Broadcasting, Programming, Getting Started, Guide

Creating a Daily Playlist

When programming your station, you have a couple of different choices: AutoDJ, LiveDJ, and Scheduled Events. If Scheduled Events are your primary focus, you might consider creating a daily playlist to keep your programming fresh, diverse, and engaging. When it comes to creating daily playlists for your station, there are three main keys: balance, superstars, and simplicity.


A balance of styles, eras, tempos, and textures will draw an audience in. Playing all sad, slow songs will get old fast, while constant upbeat and energetic songs might get to be a bit too much.

Every hour of programming, commonly referred to as Rotation Clocks, should be balanced. You don’t want to fall into the habit of playing one very specific category all the time. That said though, while variety is important, consistency is also necessary. As a listener, how strange would it be to listen to metal, country, and gospel all within the same hour?


Who are the most important artists that your station plays? Make a list of the top 10 or so. If you have a pop station, for example, your list might include Ariana Grande, Dua Lipa, Mariah Carey, Madonna, and Britney Spears. Your superstars should be the artists that are relevant and staples within your particular niche.

Play those superstar artists frequently, with the DMCA in mind. Update that top 10 list a few times a year since trends change. This is especially important for contemporary music stations. Superstar lists for oldies stations may remain static for much longer.


When it comes to rules/codes for your playlists, use only what you really need. Simplicity is key! The more codes you try to follow, the more complicated it becomes for you to curate quality playlists. You need just enough codes to follow to ensure nothing bad happens, such as boring the audience or being noncompliant with copyright laws. Below are a few examples of important codes you definitely want to follow.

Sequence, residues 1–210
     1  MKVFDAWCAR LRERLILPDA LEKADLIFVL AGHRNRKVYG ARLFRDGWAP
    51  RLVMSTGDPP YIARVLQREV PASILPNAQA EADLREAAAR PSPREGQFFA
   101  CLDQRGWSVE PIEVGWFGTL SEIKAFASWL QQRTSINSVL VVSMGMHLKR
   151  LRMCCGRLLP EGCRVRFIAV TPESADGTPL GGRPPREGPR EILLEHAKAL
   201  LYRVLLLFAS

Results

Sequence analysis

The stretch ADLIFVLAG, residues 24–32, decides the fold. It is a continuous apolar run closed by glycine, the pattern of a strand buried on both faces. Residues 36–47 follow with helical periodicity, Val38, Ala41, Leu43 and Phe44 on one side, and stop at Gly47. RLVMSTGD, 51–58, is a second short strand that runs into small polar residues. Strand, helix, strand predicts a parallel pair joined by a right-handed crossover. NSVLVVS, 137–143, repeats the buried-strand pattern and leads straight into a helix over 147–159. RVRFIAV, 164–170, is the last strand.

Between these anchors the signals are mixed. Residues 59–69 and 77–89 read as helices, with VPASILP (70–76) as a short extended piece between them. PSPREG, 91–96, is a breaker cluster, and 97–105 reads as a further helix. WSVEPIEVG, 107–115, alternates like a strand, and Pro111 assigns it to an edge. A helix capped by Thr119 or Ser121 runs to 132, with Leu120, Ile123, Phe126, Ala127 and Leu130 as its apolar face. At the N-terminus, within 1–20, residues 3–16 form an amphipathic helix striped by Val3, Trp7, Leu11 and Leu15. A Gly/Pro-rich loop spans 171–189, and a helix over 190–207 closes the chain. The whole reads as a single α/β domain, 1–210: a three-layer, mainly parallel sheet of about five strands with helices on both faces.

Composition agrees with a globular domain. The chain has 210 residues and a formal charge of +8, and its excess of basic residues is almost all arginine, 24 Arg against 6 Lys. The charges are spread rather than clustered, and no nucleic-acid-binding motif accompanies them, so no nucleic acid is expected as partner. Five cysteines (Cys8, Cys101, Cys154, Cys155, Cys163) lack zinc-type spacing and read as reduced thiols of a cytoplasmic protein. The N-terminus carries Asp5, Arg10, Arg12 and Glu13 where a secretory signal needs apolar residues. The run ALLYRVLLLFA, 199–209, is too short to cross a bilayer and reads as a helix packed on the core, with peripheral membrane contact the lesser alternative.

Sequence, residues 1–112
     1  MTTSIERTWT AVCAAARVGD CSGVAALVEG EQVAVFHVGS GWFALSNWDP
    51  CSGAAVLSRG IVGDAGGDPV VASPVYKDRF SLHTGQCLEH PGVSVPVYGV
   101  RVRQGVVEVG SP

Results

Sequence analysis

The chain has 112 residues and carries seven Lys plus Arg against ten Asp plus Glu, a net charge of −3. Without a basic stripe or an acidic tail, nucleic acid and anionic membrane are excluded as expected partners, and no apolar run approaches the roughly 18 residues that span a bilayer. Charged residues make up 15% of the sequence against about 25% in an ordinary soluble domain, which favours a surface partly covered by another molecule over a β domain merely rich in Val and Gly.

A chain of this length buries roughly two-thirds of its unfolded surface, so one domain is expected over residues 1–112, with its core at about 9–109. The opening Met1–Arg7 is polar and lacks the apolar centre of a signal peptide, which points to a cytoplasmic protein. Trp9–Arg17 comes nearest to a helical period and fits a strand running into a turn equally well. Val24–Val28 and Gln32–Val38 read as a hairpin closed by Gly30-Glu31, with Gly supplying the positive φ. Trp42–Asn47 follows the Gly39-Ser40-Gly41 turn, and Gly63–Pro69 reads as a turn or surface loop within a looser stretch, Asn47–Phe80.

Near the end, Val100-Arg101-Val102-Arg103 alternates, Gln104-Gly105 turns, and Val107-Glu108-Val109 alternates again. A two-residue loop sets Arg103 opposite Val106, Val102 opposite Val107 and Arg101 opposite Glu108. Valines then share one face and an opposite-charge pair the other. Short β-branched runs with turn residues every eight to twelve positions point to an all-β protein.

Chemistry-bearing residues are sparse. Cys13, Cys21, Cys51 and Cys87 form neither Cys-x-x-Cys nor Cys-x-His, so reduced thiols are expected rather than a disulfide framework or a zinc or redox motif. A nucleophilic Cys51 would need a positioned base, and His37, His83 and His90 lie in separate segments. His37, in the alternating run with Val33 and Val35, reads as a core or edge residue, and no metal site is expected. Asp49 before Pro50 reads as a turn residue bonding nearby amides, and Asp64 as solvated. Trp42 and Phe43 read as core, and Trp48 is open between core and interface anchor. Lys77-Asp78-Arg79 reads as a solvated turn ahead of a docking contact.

• Artist separation - Setting up a rule to limit how many times an artist or band is repeated in a given time period is important to provide a variety for listeners. It’s especially important for internet radio stations as they must comply with the “sound recording performance complement,” which prohibits a Webcaster from transmitting within any given three hour period:

    • (A) more than three different songs from the same album, with no more than two such songs transmitted consecutively.
    • (B) more than four different songs by the same artist or compilation, with no more than three such songs transmitted consecutively.

  • Vertical and horizontal song rotation - Predictable patterns are typically the biggest complaint heard from audiences, not repetition (unless a severe instance). Make sure you don’t play the same pattern of songs every single day around the same exact time.

  • Tempo - Most stations won’t want to play too many downtempo songs in a row. On the other hand, some stations may want to control tempo in the other direction and avoid playing too many uptempo songs together.

  • Music style - Top 40 stations categorize and separate pop from rock from hip hop in order to achieve a great mix and variety in their playlists. Oldies stations take a similar but slightly different approach, categorizing Motown, British Invasion, and Surf music, for example. Other stations, such as classical and jazz stations, will have categories for different styles or subgenres within their genres.

For more info about playlists, see our articles entitled How to Make Great Playlists for Your Radio Station and Music Selection and Playlist Creation.

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